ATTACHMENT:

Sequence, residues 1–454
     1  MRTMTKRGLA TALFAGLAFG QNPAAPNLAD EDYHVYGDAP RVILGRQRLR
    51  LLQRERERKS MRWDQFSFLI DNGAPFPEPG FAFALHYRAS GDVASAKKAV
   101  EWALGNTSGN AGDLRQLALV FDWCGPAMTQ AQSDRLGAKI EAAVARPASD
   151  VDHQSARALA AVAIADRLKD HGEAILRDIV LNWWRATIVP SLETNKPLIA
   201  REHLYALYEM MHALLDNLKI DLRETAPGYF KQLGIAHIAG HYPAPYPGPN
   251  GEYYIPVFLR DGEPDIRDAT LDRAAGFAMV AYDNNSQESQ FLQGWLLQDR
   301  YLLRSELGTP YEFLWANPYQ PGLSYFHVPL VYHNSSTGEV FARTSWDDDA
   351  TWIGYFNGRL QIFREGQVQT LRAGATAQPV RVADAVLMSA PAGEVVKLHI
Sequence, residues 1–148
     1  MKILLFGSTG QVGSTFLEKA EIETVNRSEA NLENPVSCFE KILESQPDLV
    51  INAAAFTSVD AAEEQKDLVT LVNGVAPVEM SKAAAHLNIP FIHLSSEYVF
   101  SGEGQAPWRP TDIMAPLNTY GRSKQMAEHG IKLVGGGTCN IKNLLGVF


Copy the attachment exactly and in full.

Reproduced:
Sequence, residues 1–454
     1  MRTMTKRGLA TALFAGLAFG QNPAAPNLAD EDYHVYGDAP RVILGRQRLR
    51  LLQRERERKS MRWDQFSFLI DNGAPFPEPG FAFALHYRAS GDVASAKKAV
   101  EWALGNTSGN AGDLRQLALV FDWCGPAMTQ AQSDRLGAKI EAAVARPASD
   151  VDHQSARALA AVAIADRLKD HGEAILRDIV LNWWRATIVP SLETNKPLIA
   201  REHLYALYEM MHALLDNLKI DLRETAPGYF KQLGIAHIAG HYPAPYPGPN
   251  GEYYIPVFLR DGEPDIRDAT LDRAAGFAMV AYDNNSQESQ FLQGWLLQDR
   301  YLLRSELGTP YEFLWANPYQ PGLSYFHVPL VYHNSSTGEV FARTSWDDDA
   351  TWIGYFNGRL QIFREGQVQT LRAGATAQPV RVADAVLMSA PAGEVVKLHI
Sequence, residues 1–148
     1  MKILLFGSTG QVGSTFLEKA EIETVNRSEA NLENPVSCFE KILESQPDLV
    51  INAAAFTSVD AAEEQKDLVT LVNGVAPVEM SKAAAHLNIP FIHLSSEYVF
   101  SGEGQAPWRP TDIMAPLNTY GRSKQMAEHG IKLVGGGTCN IKNLLGVF